Stocks rise as the cost of money declines Dow is up 12.64, but tech shares temper advance

NEW YORK — NEW YORK -- U.S. stocks rose yesterday as falling bond yields fueled expectations that profits at banks and savings and loans will surpass expectations. A slump in semiconductor, computer and software shares tempered the advance.

A report showing weaker-than-expected U.S. manufacturing activity suggested that economic growth has slowed enough for the Federal Reserve to lower interest rates this year. That would stimulate consumer borrowing in 1996.


The Dow Jones industrial average rose 12.64, to 5,087.13, led by gains in DuPont Co., General Electric Co. and J. P. Morgan & Co. An early afternoon wave of computer-guided selling tempered the advance.

Yesterday's gains extended the surge that carried the Dow industrials up 319 points, or 6.7 percent, in November -- the biggest monthly gain this year.


The Nasdaq composite index lagged the advance as Microsoft Corp., Cisco Systems Inc. and 3Com Corp. fell. The index dropped 3.92, or 0.4 percent, to 1,055.30.

The Standard & Poor's 500 index climbed 1.61 to 606.98, just below its high of 607.64 Wednesday. Saving and loans, steel and home-building companies gained.

Some 1,434 shares rose and 944 fell on the New York Stock Exchange.

Among broad market indexes, the Russell 2,000 index of small capitalization stocks rose 1.16 to 309.74; the Wilshire 5,000 index, comprising stocks on the New York, American and Nasdaq stock exchanges, rose 10.60, to 5980.60; the Amex market value index slipped 0.73, to 536.64; and the S&P; 400 midcap index fell 1.06 from a record to 217.63.

Financial shares continued to rise on expectations that their profits will benefit the most from a rate cut. Falling interest rates lower the cost of raising the money needed to make loans and buy securities.

Among those that gained, Banc One Corp. gained 62.5 cents, to $38.875; Wells Fargo & Co. shares jumped $2.75, to $213; and First Fidelity Bancorp climbed $1.625, to $75.

The S&P; index of 23 regional banks rose 2.42, or 1 percent, to 243.43. The index is up 18.4 percent in the past three months, compared with the broader S&P; 500's 7.7 percent gain.

Expectations for another rate cut spread after the National Association of Purchasing Management said its index fell to 46.5 in November from 46.8 in October, the sixth time in seven months that manufacturing has contracted. Economists had expected a reading of 47.6.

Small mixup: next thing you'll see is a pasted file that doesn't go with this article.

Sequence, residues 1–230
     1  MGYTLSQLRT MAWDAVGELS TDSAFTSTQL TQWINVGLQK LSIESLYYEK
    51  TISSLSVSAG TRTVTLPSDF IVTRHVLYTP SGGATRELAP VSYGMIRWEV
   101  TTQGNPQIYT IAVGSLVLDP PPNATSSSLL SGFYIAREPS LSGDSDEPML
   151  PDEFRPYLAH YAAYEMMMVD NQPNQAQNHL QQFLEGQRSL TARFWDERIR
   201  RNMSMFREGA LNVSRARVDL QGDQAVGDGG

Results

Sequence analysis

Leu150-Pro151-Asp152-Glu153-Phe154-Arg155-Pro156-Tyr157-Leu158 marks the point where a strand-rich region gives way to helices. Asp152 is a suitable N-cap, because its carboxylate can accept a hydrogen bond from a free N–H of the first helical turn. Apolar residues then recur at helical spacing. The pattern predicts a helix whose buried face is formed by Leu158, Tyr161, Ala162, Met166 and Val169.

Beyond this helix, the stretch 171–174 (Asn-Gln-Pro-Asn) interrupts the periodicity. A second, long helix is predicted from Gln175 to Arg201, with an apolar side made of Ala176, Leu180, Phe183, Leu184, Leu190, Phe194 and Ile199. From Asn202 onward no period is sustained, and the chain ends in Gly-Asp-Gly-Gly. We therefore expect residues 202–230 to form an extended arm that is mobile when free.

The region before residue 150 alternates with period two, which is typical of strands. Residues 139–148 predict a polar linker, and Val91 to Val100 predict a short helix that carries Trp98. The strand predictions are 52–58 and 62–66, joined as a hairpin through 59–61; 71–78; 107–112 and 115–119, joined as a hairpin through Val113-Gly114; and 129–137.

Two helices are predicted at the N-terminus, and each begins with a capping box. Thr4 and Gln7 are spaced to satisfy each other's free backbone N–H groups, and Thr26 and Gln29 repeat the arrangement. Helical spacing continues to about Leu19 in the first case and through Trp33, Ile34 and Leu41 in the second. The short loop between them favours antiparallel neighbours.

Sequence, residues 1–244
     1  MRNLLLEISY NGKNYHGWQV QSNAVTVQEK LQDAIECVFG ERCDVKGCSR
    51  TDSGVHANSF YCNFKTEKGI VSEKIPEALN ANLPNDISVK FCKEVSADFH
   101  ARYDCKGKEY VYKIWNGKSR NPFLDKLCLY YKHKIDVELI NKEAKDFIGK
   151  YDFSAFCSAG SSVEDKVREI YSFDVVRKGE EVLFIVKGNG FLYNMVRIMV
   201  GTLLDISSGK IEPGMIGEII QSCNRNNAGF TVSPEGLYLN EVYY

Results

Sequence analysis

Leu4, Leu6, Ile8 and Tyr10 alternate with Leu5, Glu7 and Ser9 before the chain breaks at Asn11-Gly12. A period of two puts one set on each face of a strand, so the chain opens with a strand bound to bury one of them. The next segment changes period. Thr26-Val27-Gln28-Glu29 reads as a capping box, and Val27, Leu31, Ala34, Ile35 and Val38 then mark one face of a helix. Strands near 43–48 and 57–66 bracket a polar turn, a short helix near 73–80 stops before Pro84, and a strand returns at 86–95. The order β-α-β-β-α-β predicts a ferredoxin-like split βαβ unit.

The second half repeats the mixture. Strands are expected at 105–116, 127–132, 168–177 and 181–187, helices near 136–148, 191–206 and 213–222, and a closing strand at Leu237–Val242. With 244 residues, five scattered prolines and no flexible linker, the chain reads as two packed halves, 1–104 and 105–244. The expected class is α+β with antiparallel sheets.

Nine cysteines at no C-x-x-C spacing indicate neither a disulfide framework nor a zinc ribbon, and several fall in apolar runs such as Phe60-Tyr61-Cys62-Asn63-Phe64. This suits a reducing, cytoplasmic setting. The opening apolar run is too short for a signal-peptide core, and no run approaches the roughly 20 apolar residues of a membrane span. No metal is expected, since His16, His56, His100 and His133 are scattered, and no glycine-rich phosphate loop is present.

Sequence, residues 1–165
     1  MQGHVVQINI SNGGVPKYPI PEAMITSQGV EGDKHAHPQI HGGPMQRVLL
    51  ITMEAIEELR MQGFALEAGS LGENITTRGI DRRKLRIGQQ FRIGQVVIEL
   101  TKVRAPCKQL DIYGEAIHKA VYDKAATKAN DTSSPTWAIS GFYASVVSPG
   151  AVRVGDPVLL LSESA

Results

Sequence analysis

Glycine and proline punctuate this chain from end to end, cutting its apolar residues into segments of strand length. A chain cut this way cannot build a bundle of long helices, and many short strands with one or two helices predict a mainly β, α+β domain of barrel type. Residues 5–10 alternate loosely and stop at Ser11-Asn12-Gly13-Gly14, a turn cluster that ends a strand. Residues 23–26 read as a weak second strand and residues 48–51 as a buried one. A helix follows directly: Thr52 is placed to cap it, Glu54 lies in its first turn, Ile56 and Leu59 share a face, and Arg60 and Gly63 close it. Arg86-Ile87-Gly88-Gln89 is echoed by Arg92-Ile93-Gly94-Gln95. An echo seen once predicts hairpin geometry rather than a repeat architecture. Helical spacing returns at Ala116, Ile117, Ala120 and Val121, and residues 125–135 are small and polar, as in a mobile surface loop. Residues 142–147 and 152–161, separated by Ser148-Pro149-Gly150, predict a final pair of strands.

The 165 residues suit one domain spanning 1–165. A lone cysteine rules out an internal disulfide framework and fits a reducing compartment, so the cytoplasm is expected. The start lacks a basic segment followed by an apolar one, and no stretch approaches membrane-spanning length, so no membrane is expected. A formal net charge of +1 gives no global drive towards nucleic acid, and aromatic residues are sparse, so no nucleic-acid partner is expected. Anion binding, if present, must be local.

The yield on the 30-year benchmark bond fell four basis points to 6.08, its lowest since Nov. 2, 1993.

Evidence of a slowing economy -- and falling interest rates -- were no help to semiconductor, software and computer companies. Concern spread that a sluggish economy would curb sales of personal computer and software during the important holiday season, and a string of disappointing retail sales reports diminished optimism that Christmas sales would revive retailers and with them, the economy.

International Business Machines Corp. dropped $1.875, to $94.75; Micron Technology Inc. slid $2.25, to $52; Texas Instruments Inc. fell $2.625, to $55.25; Compaq Computer Corp. dropped $1.50, to $47.875; and Hewlett-Packard Co. weakened $1.25, to $81.75.

Among stocks that gained, United Technologies jumped $1.375, a record $95.125, DuPont Co. gained $1.125, to $67.625; and Goodyear Tire & Rubber Co. added 50 cents to reach $42.875.

Steel stocks rebounded yesterday after analysts had downgraded their recommendations on concern that slumping steel prices will reduce profits. Many steel companies boosted spot market prices for sheet steel by about $30 a ton in January, but prices deteriorated during the year as demand softened. Analysts don't expect steelmakers to boost prices this January.